I’ve not written much about Libya. But in the days leading up to the UNSC vote, and the growing certainty that the US and NATO would soon be involved in another Middle Eastern coalition, I did express my shock and surprise in a few places. It’s simply a fantastical notion to me that, engaged in several wars and counter-insurgency actions at once, the US would add another one, with the help of Europe, already trying to put out the flames of its war efforts in it’s own polities. And that this would find any kind of purchase at all within even the liberal community, much less the part of it which is considered “progressive” or “left”.
Well, here we are anyway. It seems obvious to me that we simply can’t afford to be at war anymore, and that several salient arguments against the war thus flow: infrastructure crumbling; economy failing; political figures losing legitimacy; and etc. But oddly, these arguments seem to be getting the least play. Rather, many arguments have gotten mired in the muck of trying to prove that the US has exaggerated the threat to civilians in Libya, while others simply claim that the entire rebellion is a CIA scam.
Some of these arguments are simply doing more harm than good. A recent op ed by Alan Kuperman for example, argues that the Obama administration exaggerated the dangers to civilians in Kadafi’s attacks, and misrepresented Kadafi’s intentions. Kuperman bases his arguments on a Human Rights Watch report and claims that the report proves that there have been no indiscriminate attacks on civilians in the region of Misrata. In the first place, Kuperman misrepresents the report. He claims:
But Human Rights Watch has released data on Misurata, the next-biggest city in Libya and scene of protracted fighting, revealing that Moammar Khadafy is not deliberately massacring civilians but rather narrowly targeting the armed rebels who fight against his government.
But the report clearly states:
Attacks by Libyan government forces in the western city of Misrata have endangered civilians and targeted a medical clinic in violation of international law, Human Rights Watch said today. The assessment is based on interviews with two doctors still in Misrata and 17 wounded civilians recently evacuated from the city, which is largely cut off from the outside world by Libyan government forces.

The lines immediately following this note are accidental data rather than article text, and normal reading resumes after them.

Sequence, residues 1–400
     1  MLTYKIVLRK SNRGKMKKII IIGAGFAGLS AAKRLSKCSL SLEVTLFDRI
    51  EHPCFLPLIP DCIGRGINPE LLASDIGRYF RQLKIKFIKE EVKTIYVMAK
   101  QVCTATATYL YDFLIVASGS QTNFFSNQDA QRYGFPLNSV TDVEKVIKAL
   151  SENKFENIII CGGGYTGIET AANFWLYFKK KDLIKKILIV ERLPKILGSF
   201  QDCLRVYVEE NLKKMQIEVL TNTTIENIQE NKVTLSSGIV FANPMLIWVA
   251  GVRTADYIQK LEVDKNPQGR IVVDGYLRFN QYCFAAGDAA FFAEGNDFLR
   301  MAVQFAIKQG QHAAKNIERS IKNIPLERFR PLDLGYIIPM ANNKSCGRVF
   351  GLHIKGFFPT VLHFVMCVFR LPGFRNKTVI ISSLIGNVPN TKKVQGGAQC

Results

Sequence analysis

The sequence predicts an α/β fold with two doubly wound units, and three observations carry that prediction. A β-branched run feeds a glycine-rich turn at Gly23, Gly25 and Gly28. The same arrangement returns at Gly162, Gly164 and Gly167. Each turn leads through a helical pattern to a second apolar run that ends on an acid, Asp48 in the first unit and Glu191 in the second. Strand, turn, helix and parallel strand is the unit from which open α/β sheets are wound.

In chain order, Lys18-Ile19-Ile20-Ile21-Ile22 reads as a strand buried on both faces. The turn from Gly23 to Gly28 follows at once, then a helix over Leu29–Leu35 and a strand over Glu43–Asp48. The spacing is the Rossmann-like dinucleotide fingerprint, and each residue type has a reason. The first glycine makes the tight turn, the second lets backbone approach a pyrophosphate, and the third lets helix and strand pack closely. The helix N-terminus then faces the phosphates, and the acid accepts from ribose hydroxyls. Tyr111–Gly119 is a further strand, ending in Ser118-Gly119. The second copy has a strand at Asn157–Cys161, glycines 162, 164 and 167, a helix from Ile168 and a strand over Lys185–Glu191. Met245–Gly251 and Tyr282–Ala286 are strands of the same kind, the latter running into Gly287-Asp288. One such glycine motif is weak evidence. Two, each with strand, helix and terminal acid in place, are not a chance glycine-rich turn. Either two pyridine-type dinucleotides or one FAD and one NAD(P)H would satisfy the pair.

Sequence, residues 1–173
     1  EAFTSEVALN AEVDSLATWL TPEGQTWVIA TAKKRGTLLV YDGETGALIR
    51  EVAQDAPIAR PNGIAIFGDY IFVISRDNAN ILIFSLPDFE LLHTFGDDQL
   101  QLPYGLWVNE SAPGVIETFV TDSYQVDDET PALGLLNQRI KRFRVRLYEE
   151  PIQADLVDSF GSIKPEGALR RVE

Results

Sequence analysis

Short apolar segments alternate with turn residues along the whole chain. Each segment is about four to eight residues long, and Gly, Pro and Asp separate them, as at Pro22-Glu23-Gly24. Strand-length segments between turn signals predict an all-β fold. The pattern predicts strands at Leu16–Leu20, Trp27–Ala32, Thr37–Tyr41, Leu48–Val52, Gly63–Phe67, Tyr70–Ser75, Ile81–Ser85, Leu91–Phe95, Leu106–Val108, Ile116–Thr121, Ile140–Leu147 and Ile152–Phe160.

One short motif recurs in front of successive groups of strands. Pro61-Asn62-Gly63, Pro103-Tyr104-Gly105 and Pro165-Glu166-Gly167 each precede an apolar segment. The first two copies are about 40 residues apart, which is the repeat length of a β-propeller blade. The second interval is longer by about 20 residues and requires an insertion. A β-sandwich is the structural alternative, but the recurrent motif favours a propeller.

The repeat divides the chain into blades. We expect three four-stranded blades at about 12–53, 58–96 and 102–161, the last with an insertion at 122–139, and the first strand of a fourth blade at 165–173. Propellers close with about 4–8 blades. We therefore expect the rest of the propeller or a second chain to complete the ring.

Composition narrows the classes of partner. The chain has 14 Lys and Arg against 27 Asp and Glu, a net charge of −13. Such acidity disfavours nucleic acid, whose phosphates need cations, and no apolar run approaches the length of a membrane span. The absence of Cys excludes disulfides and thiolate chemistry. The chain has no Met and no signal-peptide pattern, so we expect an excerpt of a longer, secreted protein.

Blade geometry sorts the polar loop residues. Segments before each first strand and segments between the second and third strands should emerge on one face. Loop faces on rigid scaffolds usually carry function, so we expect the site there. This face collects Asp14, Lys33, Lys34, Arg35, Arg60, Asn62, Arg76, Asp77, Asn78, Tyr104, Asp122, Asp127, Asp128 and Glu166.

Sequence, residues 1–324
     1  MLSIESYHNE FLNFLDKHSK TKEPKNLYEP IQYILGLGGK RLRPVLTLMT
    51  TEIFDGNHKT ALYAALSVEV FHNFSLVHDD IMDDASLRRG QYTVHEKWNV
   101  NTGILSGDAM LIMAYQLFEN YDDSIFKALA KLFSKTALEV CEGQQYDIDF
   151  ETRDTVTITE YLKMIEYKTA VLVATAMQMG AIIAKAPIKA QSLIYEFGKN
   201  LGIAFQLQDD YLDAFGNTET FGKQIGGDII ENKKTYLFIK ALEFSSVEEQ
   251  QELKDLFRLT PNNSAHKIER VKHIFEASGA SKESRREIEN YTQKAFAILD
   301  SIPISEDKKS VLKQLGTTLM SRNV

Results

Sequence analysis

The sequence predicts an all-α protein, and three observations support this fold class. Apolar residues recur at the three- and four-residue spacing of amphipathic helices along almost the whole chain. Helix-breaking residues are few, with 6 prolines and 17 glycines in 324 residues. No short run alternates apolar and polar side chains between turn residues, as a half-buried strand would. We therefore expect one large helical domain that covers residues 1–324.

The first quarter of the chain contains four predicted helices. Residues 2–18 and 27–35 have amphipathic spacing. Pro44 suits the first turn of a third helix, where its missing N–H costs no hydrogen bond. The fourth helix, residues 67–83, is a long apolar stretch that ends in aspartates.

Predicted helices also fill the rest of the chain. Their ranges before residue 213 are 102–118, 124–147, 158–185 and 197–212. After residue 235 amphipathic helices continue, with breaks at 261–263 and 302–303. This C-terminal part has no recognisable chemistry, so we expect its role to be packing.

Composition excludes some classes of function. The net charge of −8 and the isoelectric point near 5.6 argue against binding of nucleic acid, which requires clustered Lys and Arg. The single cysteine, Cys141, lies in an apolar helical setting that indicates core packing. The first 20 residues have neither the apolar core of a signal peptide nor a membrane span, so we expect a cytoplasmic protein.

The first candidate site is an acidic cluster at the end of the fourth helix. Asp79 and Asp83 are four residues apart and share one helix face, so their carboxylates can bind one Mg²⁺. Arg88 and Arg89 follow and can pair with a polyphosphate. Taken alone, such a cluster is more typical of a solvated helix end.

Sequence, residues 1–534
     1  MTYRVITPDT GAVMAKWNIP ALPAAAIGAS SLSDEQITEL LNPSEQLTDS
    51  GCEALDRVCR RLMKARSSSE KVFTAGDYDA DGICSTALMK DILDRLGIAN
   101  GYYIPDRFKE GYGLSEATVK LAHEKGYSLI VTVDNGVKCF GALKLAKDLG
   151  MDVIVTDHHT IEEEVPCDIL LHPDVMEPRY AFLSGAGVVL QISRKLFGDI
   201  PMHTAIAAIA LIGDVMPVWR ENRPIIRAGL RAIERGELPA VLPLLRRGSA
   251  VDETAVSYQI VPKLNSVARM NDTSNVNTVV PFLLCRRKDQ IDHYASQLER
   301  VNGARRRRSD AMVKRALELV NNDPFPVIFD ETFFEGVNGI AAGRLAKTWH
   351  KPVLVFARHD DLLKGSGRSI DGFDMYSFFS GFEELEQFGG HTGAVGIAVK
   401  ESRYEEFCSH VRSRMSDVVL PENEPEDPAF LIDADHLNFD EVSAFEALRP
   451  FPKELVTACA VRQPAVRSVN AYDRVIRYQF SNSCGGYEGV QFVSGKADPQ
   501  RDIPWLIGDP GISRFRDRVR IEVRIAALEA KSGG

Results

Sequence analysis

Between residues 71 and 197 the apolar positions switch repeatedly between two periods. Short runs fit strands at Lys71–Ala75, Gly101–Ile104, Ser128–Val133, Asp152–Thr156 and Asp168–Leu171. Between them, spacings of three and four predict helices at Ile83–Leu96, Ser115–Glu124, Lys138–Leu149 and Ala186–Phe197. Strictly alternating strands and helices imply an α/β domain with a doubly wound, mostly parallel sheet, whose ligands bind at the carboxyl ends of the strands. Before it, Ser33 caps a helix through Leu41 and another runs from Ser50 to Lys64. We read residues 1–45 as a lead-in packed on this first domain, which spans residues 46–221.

Kuperman then goes on to two very problematic conclusions based on the “data” in the report. He presents an assumption, that a body count of 250 odd is relatively low in an insurgency situation. Then he goes on to claim that the low number of women among the wounded show that there is no indiscriminate attacks on civilians. These figures hew almost exactly to the numbers of Palestinians killed at the beginning of the second Intifada by Israel in the occupied territories. The ratio of women killed during the Palestinian Intifada is also similar to the ratio of woman injured in Kuperman’s HRW-based analysis, according to Miftah and the Palestinian Red Crescent.
As a Palestinian in Ramallah at the beginning of the Second Intifada, it certainly felt as if the IDF targeted civilians. But on a broader and more important note, those on the left who adopt Kuperman’s argument, will now be caught in a logic trap whenever they speak of indiscriminate killings by the IDF. What would separate the two dynamics? That in one, we hate the Israelis policy, and in the other we hate the American one? Not a very good showing of moral standards or logical capability for the left.
On another note, just two years ago, Kuperman argued for a US attack on Iran’s nuclear research and military facilities, and further suggested that retaliation for that attack [i.e., self-defense] should spur the US to expand it’s bombings, presumably to include, one assumes, civilian targets.
But there are three compelling reasons that the United States itself should carry out the bombings. First, the Pentagon’s weapons are better than Israel’s at destroying buried facilities. Second, unlike Israel’s relatively small air force, the United States military can discourage Iranian retaliation by threatening to expand the bombing campaign. (Yes, Israel could implicitly threaten nuclear counter-retaliation, but Iran might not perceive that as credible.) Finally, because the American military has global reach, air strikes against Iran would be a strong warning to other would-be proliferators.
Simply, and incredibly, what seemingly bothers Kuperman about the US’s involvement in Libya is that it’s based on a humanitarian pretext. Apparently, all Obama would have to do is provide some doctored evidence of WMD in Libya, and Kuperman would be singing the praises of an extended US bombing campaign.
Surprisingly, Kuperman’s op ed was linked to by such normally brilliant critics of US foreign policy as Jeremy Scahill and Glenn Greenwald, though Greenwald mentioned several caveats about Kuperman’s argument.
Louis Proyect at Unrepetant Marxist echoed many of these same arguments, and his article is a much better read than mine. The reference to Kuperman’s Op Ed on Iran must be hat-tipped to him.
PS: There’s no right way to spell Kadafi.